SCHUMER, KING PRESENT THE FAMILY OF GLENN WINUK - LI VOLUNTEER FIRE FIGHTER WHO WAS KILLED AT THE WORLD TRADE CENTER - THE 9/11 HEROES MEDAL OF VALOR
Winuk, a Jericho Volunteer Fire Fighter, Raced to Lower Manhattan but Died During the Rescue Effort at Ground Zero Schumer and King Led Eight Year Long Fight to Have the Medal Awarded and Now the Justice Department Has Now Given NY Hero the Honor He Earned and Deserved Schumer, King Will be Joined by Glenn's Family and Members of his Volunteer Fire Company for Official Presentation
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U.S. Senator Charles E. Schumer and Representative Peter King today presented the family of Glenn Winuk, a volunteer Jericho firefighter who was killed on 9/11 when he heroically raced to Ground Zero to help even though he was off duty, the 9/11 Medal of Valor. The 9/11 Heroes Medal of Valor is a special Medal of Valor for the Public Safety Officers who were killed as a result of the terrorist attacks in New York, Virginia, and Pennsylvania. On the morning of September 11, just moments after the attacks on the World Trade Center, Winuk raced from his nearby evacuated law office at 195 Broadway equipped with a paramedic bag to participate in the rescue effort. He died later that morning when the South Tower collapsed.
Schumer and King were joined by the Glenn's brother Jay and his parents, along with members of the local fire department and other community leaders.
"When Glenn Winuk saw New Yorkers in danger, he didn't hesitate to act. He took up the call, just as so many of his fellow fire fighters and first responders did on that terrible day, and headed straight to Ground Zero to try and save lives. Unfortunately, one life he couldn't save was his own. Glenn is a hero in the true sense of the word and without a shadow of a doubt deserves this honor. His family has had to wait for nearly six years to receive any recognition of Glenn's brave's acts and we thank the Justice Department for conferring this honor."
"This has been a long, tough fight and I am extremely pleased that the Department of Justice did the right thing by recognizing Glenn's heroic and courageous actions on September 11 th," said Representative Peter King.
On the morning of September 11, just moments after the attacks on the World Trade Center, Winuk raced from his nearby evacuated law office at 195 Broadway equipped with a paramedic bag to participate in the rescue effort. He died later that morning when the South Tower collapsed. His remains were found in March 2002, a first response medic bag and the remains of other first responders by his side. Winuk was 40 years old when he died. He had been trained as a firefighter and an emergency medical technician, and had worked with the Jericho department for 19 years.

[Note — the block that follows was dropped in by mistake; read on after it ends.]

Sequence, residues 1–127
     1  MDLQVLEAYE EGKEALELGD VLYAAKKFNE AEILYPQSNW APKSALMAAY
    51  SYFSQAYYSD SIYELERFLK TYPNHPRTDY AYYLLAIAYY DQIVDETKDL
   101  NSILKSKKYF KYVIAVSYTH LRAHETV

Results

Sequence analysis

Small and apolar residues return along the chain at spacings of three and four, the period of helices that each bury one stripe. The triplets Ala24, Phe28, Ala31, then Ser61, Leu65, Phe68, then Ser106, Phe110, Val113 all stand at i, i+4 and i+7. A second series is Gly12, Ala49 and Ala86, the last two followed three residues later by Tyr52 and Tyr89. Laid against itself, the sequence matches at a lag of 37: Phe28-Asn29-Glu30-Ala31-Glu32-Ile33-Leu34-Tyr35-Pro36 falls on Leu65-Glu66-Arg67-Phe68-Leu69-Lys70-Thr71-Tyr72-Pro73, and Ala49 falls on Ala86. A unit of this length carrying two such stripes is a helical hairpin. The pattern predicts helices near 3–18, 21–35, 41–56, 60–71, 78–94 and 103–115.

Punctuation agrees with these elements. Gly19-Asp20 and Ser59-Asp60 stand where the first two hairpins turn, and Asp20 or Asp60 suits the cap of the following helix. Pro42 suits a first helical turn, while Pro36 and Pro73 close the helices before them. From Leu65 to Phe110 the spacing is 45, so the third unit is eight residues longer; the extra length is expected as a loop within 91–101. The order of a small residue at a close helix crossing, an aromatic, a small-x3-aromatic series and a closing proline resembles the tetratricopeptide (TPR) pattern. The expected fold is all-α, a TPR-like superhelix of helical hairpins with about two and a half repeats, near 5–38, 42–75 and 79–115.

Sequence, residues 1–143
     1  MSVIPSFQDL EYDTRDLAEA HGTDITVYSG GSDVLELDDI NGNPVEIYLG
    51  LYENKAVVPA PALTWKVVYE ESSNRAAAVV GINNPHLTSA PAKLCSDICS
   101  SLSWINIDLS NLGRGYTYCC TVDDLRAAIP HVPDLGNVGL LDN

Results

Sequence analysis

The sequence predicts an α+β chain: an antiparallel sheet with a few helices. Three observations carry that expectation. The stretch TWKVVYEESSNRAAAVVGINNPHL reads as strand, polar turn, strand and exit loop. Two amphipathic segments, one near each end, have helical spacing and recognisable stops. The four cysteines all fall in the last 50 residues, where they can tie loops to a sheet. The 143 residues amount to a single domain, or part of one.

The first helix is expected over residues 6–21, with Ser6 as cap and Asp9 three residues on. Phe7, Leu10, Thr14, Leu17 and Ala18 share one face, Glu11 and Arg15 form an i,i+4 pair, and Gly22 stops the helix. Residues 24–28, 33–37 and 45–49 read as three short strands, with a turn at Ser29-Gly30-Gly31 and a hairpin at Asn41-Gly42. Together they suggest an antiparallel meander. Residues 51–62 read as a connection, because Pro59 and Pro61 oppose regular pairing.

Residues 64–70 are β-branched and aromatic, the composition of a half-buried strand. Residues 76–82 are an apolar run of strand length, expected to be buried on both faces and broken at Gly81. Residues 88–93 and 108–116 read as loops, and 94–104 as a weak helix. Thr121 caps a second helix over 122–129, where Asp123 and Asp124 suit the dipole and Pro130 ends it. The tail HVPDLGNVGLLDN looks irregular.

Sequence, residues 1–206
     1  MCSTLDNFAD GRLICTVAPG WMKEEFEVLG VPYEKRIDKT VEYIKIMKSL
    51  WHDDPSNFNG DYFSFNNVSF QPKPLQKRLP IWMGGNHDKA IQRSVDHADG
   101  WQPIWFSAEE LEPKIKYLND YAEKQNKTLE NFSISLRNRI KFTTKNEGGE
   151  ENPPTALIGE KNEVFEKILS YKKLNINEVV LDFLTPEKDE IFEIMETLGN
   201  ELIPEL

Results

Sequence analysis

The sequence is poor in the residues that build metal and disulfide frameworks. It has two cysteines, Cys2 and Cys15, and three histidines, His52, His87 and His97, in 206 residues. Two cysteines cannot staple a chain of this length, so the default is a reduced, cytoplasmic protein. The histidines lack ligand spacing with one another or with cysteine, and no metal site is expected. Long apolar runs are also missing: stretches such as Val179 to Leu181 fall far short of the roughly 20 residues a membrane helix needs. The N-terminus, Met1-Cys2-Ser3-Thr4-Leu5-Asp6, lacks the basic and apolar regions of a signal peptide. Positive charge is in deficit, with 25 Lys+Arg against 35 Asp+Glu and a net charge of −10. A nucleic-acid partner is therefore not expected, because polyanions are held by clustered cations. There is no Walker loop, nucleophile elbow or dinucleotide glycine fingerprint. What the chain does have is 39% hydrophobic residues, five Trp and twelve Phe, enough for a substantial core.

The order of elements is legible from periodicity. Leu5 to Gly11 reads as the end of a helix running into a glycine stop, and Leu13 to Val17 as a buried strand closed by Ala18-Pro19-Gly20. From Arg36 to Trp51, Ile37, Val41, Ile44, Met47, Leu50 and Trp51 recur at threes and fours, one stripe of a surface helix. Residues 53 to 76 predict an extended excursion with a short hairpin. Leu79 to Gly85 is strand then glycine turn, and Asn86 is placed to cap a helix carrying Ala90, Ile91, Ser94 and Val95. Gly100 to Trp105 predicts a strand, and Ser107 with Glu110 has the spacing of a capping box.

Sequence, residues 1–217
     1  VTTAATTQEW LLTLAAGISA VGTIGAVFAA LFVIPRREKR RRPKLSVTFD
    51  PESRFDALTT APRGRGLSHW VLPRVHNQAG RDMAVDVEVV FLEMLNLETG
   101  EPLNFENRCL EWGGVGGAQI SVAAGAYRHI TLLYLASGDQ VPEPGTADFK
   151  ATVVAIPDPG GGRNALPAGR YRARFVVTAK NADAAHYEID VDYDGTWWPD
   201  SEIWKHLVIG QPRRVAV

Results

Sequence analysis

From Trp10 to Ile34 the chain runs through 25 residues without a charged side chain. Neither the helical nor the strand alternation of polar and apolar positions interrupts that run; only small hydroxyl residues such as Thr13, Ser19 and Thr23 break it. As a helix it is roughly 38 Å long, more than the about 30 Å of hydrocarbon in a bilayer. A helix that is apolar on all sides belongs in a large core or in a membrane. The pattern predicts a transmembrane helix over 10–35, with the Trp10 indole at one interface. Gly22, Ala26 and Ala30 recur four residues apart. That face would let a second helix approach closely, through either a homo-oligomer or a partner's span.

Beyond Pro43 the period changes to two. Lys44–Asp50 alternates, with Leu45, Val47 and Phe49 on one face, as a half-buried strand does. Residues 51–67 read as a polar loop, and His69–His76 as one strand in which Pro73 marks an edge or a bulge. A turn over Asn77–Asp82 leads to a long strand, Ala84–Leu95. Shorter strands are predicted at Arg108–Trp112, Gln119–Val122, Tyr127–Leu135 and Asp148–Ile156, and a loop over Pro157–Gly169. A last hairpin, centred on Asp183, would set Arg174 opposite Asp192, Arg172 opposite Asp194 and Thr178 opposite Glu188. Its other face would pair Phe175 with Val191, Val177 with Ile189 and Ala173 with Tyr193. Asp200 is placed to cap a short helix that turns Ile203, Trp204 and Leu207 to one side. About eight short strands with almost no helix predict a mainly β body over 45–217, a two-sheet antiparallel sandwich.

After a more than four year long legal battle, the Department of Justice dropped its appeal of a June 2007 federal court ruling granting Winuk recognition under the DOJ's Public Safety Officers' Benefits Act (PSOB) as having died in the Line of Duty. The federal Public Safety Officers' Benefits Act awards $250,000 to the families of public safety officers who die in the line of duty. Now that the appeal has been lifted and the appeals court ruling has been upheld once and for all, Glenn's family will now receive the $250,000.
In addition to receiving the financial benefits, Schumer and King said the distinction of having died in the line of duty made Winuk eligible to receive the prestigious 9/11 Heroes Medal of Valor, awarded by the President to public safety officers who died on that fateful day. The 9/11 Heroes Medal of Valor Act was signed into law in 2005, and was meant to recognize those public safety officers who were killed, including NYPD, FDNY, Port Authority police officers and emergency services workers, and many other officers. On July 1, 2005, a list of 442 public safety officers was certified by the Attorney General to receive the medal, and on September 9, 2005, President Bush presented the medals to the surviving families of the fallen heroes.
In year's past, both Schumer and King had called on the Justice Department to officially cite Winuk for his bravery and recommend to the President that medal be awarded.
For his act of bravery and in acknowledgment of his credentials as a qualified rescuer, Winuk has also been honored by New York State, the National Fallen Firefighters Foundation, the National EMS Memorial Service, the FDNY Honor Legion, at the Firefighters Memorial Wall at Ground Zero and elsewhere.
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